Scratched, Withdrawn, Disqualified



Hi Boys and Girls, Friday, February 15, 2013.   Volunteers sort and pack an assortment of


We K9 reporters have received many emails and blog comments asking us what the difference is between a musher who has scratched or was withdrawn from the race.  This is an excellent question for the blog. 

When a musher scratches from the race, he or she makes the decision themselves.  The most common reason a musher scratches is for the best interest of the team.  This means a lot of things.  Sometimes, a musher is hurt or ill and they feel they cannot take care of their team properly. The team may be ill or not performing to the level needed to finish the race and the musher scratches.  The sled may have been damaged to the point that it is not useable and an extra sled is not available.  There’s just so many reasons a musher may have for not continuing the race. 

Withdrawn means the decision was made for the musher.  The decision is made by a 3 judge panel.  At least 2 of the judges must agree to the withdrawal.  This decision does not mean that the musher did anything wrong.  This year Rob Loveman was withdrawn from the race due to his team no longer being competitive.  He was in last place and far enough behind the others that he would not be able to catch up to them.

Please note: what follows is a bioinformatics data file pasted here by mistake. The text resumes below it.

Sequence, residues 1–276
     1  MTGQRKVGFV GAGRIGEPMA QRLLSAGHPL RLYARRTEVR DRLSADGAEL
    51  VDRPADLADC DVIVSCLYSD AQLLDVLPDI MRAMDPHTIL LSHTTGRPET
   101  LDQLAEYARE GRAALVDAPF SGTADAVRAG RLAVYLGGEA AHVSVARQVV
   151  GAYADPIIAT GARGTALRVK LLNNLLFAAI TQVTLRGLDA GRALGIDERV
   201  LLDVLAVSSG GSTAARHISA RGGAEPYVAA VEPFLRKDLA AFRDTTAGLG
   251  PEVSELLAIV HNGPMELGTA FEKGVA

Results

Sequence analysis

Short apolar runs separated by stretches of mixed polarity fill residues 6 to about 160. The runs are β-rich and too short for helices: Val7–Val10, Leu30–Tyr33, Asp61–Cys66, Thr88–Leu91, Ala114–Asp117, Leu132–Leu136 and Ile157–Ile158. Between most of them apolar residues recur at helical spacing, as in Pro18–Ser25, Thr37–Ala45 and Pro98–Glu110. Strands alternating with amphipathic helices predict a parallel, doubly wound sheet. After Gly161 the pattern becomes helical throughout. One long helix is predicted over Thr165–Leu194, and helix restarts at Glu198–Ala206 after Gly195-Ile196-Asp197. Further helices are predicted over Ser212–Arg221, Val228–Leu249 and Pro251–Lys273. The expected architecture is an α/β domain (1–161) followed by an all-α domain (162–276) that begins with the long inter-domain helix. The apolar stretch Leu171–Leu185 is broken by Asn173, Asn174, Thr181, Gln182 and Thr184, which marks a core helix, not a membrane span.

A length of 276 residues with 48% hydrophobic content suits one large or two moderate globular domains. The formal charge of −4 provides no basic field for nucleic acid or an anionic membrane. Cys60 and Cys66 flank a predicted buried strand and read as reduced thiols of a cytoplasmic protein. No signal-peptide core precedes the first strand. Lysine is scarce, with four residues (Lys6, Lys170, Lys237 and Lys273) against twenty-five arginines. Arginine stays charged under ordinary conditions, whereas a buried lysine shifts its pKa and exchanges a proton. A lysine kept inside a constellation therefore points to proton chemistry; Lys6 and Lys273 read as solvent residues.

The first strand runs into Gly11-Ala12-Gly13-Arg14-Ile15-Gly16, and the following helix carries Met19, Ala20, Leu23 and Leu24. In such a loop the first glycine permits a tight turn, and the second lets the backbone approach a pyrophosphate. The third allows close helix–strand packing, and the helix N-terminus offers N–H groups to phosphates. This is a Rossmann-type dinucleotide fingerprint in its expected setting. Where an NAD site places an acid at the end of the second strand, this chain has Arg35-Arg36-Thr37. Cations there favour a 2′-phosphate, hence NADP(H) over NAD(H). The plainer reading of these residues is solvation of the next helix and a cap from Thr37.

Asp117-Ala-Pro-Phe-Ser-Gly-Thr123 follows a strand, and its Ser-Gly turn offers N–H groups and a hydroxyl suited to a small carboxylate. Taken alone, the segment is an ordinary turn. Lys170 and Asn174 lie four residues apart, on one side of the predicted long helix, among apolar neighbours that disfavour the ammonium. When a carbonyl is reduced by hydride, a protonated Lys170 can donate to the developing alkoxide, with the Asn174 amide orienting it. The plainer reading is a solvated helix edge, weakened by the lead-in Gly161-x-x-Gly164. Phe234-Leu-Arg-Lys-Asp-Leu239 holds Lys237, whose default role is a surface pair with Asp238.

There is one more way that a team would leave the trail and that is by disqualification.  This is more serious and rarely happens.  All 3 judges must agree that a musher should be disqualified. The chief Veterinarian may be consulted also if  cruel or inhumane treatment of the dogs is suspected.  Mushers can be disqualified for deliberately breaking the rules, cheating, or abuse of the dogs.  The musher is given the chance to present his case to the judges before a decision is made. 

Hope that helps.  Thanks for the great questions you have been asking this year.  We will be answering  the questions we are asked the most on the blog.  So keep reading and writing.

See you on the trail,

Gypsy  \